Jacqueline Cochran: Biography of a Pioneer Aviator
“The aviation industry used gender stereotypes to its advantage. Exploiting the perceived weakness of women, the industry encouraged women to promote aviation, and created new opportunities for them.”
She held aviation records for speed, altitude, and distance—more than any pilot ever, male or female—yet whose name is the first on most people’s lips when asked for the most famous female aviator? Moral? One thing has nothing to do with the other.
This would have mightily irked Jackie Cochran who grew up Bessie Lee Pittman and relentlessly stoked her quintessentially American rags-to-riches story of having pulled herself up by her bootstraps—except, she’d insist, she was too poor to have boots—to become a self-made businesswoman with a millionaire husband, and an aviatrix of international renown. Long and irrefutable is the list of her actual, objective accomplishments but little was known of the true facts of her early life except what she herself put into circulation, much of which has been debunked since her death in 1980—which puts us right into the thick of things that are problematic with this newest biography.
It readily declares that it drew heavily on Cochran’s own accounts (cf. The Stars At Noon, with Floyd Odlum as Wingman, ASIN: B0007DQ8OC; Jackie Cochran, written with Maryanne Bucknum Brinley, ISBN-13: 978-0553052114) and thus dwells, for instance, on Cochran being orphaned/abandoned and having grown up in depravity—all myths—while making no mention of the first husband and child whose existence have a now very public paper trail but whom Cochran never disclosed in her own writings. (She retained his surname, rather than randomly picking it from the phonebook as her writings, and this book, say.) While these items are not directly relevant to her aviation exploits, author Smith-Daugherty holds that “Cochran’s decisions [in later life] were rooted in the hated experiences of her youth” and thus it does matter, especially for an academic author, to either relate them accurately or address the discrepancies. This is particularly troubling considering the long list of sources in the Acknowledgments, the extensive Chapter Notes and Bibliography, and the good Index. Leaving it to the reader to speculate what the author may or may not know weakens the entire book!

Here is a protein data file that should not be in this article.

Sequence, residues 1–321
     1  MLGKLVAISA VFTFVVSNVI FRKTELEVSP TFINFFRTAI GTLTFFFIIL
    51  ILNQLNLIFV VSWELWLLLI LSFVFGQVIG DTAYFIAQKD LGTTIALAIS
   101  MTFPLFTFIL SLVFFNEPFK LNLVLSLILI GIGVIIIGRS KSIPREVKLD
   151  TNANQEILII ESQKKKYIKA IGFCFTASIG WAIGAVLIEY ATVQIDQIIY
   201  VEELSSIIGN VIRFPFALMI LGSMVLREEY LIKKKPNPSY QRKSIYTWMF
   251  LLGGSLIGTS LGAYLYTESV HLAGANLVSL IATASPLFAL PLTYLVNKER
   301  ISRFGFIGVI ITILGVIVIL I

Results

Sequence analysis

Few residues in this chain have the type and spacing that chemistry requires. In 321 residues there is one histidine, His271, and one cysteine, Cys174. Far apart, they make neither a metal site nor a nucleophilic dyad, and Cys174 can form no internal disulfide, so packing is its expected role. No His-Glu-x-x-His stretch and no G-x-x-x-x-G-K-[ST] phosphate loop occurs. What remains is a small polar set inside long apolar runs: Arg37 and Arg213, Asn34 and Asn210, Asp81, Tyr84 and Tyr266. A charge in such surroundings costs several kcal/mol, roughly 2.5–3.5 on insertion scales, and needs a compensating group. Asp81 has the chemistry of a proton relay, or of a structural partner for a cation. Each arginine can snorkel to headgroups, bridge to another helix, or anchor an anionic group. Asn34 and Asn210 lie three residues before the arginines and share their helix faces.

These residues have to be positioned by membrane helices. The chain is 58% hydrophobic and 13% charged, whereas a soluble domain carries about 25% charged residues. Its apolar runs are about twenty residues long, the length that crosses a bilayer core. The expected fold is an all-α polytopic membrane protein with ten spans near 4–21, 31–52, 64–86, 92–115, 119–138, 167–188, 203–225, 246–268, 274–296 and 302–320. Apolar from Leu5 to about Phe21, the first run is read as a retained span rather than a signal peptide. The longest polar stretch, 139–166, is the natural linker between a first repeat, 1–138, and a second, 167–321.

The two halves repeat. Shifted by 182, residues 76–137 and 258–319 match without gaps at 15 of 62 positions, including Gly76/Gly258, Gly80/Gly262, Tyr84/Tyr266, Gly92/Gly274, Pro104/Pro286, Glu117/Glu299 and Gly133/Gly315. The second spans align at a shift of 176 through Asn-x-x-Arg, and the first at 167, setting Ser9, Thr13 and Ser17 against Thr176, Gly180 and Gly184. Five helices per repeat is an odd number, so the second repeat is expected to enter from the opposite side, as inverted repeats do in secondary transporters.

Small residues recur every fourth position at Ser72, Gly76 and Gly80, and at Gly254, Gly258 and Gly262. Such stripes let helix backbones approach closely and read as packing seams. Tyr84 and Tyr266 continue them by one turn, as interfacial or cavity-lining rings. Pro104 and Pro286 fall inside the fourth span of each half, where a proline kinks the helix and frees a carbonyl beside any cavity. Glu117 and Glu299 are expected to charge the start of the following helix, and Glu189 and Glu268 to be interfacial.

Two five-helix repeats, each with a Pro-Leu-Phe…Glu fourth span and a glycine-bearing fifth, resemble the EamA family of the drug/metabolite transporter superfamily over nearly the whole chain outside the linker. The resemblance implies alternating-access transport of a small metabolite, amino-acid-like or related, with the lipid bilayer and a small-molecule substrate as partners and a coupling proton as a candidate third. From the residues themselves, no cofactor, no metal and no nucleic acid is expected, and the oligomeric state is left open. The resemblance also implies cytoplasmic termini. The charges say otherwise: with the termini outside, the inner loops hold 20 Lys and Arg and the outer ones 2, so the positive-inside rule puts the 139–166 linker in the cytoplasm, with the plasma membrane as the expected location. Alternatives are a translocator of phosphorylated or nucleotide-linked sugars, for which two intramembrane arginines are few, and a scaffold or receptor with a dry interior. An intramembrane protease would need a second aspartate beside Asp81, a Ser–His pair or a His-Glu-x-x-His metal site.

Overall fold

Written by an associate professor of history and history department chairperson at Alice Lloyd College, Kentucky, the book is an offshoot of the author’s dissertation (no year is given; she earned her Ph.D. in 1999) and has three foci: Cochran’s early career as a pilot (in the context of her ambitions and the place of women in society), founding and leading the WASPs, and postwar flying (jets, astronaut selection) and other activities including her 1956 bid for a Congress seat. The common thread and overarching theme here is Cochran’s position on gender equality—which does have a bearing on how history remembers her.
The writing is cohesive and engaging, and develops fully articulated themes. Appended are nine biographical sketches of individuals who played a role in Cochran’s life, and a list of “major aircraft” flown by her. McFarland books are habitually light on illustrations—this one contains a mere seven, all rather uninspired ones of Cochran in various poses (all sourced from the Smithsonian); this is the reader’s loss as there exists a rich pictorial record of her life.
The subject of female aviators in general is clearly a deserving subject, and Cochran’s colorful life in particular, especially vis-à-vis Amelia Earhart. The mission statement of Smith-Daugherty’s department at ALC says: “…We believe that asking questions and seeking knowledge, either for practical reasons or out of curiosity, is one of the most worthy of all pursuits.” While we must record our reservations about this book we will also say that the publisher calls it “revealing [and] detailed” and the Midwest Book Review an “an in-depth biography” and “excellent addition to biography and aviation shelves.” Somebody is missing something here.
Copyright 2012, Charly Baumann/Sabu Advani (speedreaders.info).